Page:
You would think that a company willing to go to the lengths that Suzuki did to improve its RM-Z250 would at least make some effort to alter its looks and make it visually obvious that the 2016 version is a much different motorcycle than the 2015. After all, Suzuki made more than 80 changes to the new RM-Z’s engine alone.
But if beauty is only skin deep, and it’s substance that really counts, then the 2016 RM-Z250 is worthy of a careful look. Performance-wise, it leaves the 2015 model floundering in its roost, and, with a new, quieter exhaust system that meets the AMA’s 94 dB sound requirements, it may be the ultimate sleeper in the 250cc class this year.
That Suzuki didn’t go for a radical makeover of the RM-Z’s plastic is largely inconsequential when you consider the goods that the 2016 edition brings to the party. They include a revised engine that is retuned to provide stronger low-end and mid-range power, a more sophisticated fuel-injection and engine management system that incorporates a highly sophisticated launch control feature, a new chassis, and exclusive KYB suspension that features yet another air fork design, and all of it for just $7699.
If there were one place where the RM-Z250 really could benefit from change, it was in the motor department. It isn’t that the previous model was slow, but its 249cc, liquid-cooled, DOHC, four-valve, semi-dry-sump mill pumped out such linear power that it could easily be derided as less than exciting. Suzuki engineers apparently went to great pains to ensure that the 2016 engine wouldn’t suffer the same roasting.
So, while the RM-Z 250 retains the same 77.0mm bore and 53.6mm stroke as the 2015 model, it features more than 80 internal parts updates including a new piston that has been shot-peened for better durability in addition to a new L-shaped top ring for better sealing. The wrist pin has also received a diamond-like coating to reduce internal friction inside the engine, freeing up lost power. To give the engine a little more snap, RM-Z250’s compression ratio went from 13.5:1 to 13.75:1, although not in the usual manner via a reshaping of the piston or the combustion chamber. Instead, new, flat-faced 31mm titanium intake valves replace the dish-shape valves used previously, and this change is what raises the compression ratio. The flat-faced valves do weigh a little more, so lighter tappets are used to compensate. In an effort to widen the RM-Z250’s powerband, new camshafts that feature higher lift and greater duration are also employed, with the exhaust cam also receiving a lighter, simpler decompression mechanism that results in a negligible rotating mass reduction inside the engine – but hey, every little bit helps.
In addition to mass reduction inside the motor, Suzuki also focused on drag reduction, starting with the biggest hunk of metal in its bowels, the crankshaft. The 2016 crank is lighter thanks to a 0.5mm reduction in diameter, which reduces the amount of flywheel that spins through the engine oil in the RM-Z’s semi-dry sump cases. This hot rodder-style windage trick reduces mechanical losses – since there is less crank going through the oil, there is less drag from the oil on the crank. The result is less mechanical loss at the flywheels, which equals more horsepower making its way to the rear wheel. Of course, Suzuki then had to go and give some of that power back by incorporating a more massive ignition rotor that has 9% more inertia than the previous rotor to maintain the engine’s internal balance. The new rotor shifts the engine’s power delivery slightly lower in the rpm range. However, the RM-Z’s cases feature new internal machining that increases the clearance between the bottom of the flywheel and the floor of the crankcase, reducing drag while also increasing engine oil capacity from 1.05 to 1.16 quarts, which is A-okay because that extra oil is now managed better than before. Speaking of oil, the 2016 RM-Z also gets a new oil relief valve for better oil control and a redesigned clutch cover with a new window to permit quick inspection of the oil level.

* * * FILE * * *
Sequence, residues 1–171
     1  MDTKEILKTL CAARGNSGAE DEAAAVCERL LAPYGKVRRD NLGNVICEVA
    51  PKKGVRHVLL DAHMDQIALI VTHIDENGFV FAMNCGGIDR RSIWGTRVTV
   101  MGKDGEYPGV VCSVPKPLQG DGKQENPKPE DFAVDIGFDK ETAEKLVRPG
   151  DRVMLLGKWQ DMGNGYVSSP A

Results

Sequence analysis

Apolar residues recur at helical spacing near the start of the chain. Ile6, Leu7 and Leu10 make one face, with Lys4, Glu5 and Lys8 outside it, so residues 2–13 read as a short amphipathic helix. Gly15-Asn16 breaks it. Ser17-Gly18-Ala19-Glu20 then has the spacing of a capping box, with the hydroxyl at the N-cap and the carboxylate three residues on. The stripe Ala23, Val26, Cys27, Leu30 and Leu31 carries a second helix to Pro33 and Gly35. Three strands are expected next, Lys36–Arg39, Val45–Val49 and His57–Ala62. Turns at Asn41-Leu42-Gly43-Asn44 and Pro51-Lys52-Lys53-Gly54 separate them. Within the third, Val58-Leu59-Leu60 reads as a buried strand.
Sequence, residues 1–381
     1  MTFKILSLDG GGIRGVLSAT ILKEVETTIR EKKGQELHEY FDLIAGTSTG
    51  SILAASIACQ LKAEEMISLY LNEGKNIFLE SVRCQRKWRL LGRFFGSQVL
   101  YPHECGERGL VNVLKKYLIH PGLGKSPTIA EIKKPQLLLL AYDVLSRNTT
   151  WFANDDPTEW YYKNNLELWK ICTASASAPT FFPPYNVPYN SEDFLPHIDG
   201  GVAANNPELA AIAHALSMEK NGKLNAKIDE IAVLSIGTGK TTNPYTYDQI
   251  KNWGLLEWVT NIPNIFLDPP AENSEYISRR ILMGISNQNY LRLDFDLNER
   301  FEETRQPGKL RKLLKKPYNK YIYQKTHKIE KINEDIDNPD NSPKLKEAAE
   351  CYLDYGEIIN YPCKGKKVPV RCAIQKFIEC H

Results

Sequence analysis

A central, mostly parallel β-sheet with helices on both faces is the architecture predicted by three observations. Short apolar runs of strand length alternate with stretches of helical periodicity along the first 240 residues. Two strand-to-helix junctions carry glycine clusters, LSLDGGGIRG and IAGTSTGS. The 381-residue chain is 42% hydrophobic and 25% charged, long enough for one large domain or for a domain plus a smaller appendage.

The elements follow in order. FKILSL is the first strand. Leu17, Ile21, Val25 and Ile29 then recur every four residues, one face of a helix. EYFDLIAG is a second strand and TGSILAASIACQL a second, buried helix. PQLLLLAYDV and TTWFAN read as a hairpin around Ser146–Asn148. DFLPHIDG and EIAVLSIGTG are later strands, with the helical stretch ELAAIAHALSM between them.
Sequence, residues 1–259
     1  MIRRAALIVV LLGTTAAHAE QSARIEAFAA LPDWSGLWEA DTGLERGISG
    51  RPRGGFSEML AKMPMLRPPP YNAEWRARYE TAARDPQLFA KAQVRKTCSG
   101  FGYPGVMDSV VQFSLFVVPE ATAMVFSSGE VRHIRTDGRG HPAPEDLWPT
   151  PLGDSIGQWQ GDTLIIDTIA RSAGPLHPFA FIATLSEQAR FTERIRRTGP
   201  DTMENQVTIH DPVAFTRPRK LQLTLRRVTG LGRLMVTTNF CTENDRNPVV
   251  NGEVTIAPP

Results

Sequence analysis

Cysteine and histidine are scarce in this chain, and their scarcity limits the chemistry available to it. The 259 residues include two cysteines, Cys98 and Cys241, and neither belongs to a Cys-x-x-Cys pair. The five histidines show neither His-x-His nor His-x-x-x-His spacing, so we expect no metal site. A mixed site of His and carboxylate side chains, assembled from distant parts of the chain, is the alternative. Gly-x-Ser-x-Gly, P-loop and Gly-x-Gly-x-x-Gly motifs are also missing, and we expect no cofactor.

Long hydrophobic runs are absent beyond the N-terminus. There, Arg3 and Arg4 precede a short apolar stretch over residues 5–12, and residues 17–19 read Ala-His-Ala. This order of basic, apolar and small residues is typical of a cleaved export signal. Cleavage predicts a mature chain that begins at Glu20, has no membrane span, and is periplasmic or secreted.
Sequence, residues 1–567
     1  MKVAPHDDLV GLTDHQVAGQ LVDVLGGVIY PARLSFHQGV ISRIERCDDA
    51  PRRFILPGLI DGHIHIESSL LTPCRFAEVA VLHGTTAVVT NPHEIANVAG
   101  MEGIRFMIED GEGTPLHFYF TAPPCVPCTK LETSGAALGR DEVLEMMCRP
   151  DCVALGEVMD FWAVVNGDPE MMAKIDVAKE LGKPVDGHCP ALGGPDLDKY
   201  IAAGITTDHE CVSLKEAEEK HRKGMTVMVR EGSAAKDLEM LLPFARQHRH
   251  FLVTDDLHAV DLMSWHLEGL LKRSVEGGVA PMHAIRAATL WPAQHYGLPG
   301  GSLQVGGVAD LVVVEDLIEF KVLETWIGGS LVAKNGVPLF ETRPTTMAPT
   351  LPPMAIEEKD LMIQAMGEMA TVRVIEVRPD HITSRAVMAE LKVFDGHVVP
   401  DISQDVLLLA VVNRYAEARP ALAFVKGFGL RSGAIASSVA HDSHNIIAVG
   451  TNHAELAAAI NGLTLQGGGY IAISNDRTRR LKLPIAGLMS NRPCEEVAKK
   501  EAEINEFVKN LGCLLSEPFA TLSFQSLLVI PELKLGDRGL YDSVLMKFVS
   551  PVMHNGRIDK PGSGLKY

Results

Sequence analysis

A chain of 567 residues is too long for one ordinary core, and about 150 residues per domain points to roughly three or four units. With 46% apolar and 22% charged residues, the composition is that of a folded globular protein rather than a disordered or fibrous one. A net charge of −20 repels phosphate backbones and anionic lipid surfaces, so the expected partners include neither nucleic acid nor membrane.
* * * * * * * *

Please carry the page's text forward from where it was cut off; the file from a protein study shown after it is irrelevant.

Other attention to drag reduction was spent on the RM-Z’s cam chain tension system. The bladelike tensioners receive a slick Teflon coating to further reduce drag inside the engine. While making the change, Suzuki also opted to make the system more adjustable by increasing the number of stepped graduations available to dial-in the proper cam chain slack.
The RM-Z 250 was already a more consistent starter thanks to updates that were made over the past couple model years, but for 2016 Suzuki wanted the RM-Z250 to be easier to start as well as more consistent. To that end, there’s a revised kickstarter gear arrangement inside the engine. The primary kick ratio has been altered to increase leverage at the kickstart lever for easier starting. It seems to work, as firing up the RM-Z250 isn’t all that difficult.
But, where we feel Suzuki got particularly tricky was in its engine management package. The 2016 RM-Z 250 receives a new feature, the Suzuki Holeshot Assist Control (S-HAC), a selectable launch mode system designed to help riders get better starts in racing conditions. Like others that have come before it, the S-HAC is activated by a simple button on the handlebar, but the S-HAC offers the rider a choice of three modes to match skill level and/or riding conditions. The first is the Base Mode, which simply means the unit is not activated. A Mode is for hard surfaces or slick conditions at the starting gate, such as with a concrete starting pad. To activate this mode, the rider holds down the S-HAC button for more than 0.7 second. B Mode is ideal for when traction is better and/or a more aggressive launch is needed, hold down the S-HAC button for more than 1.8 seconds.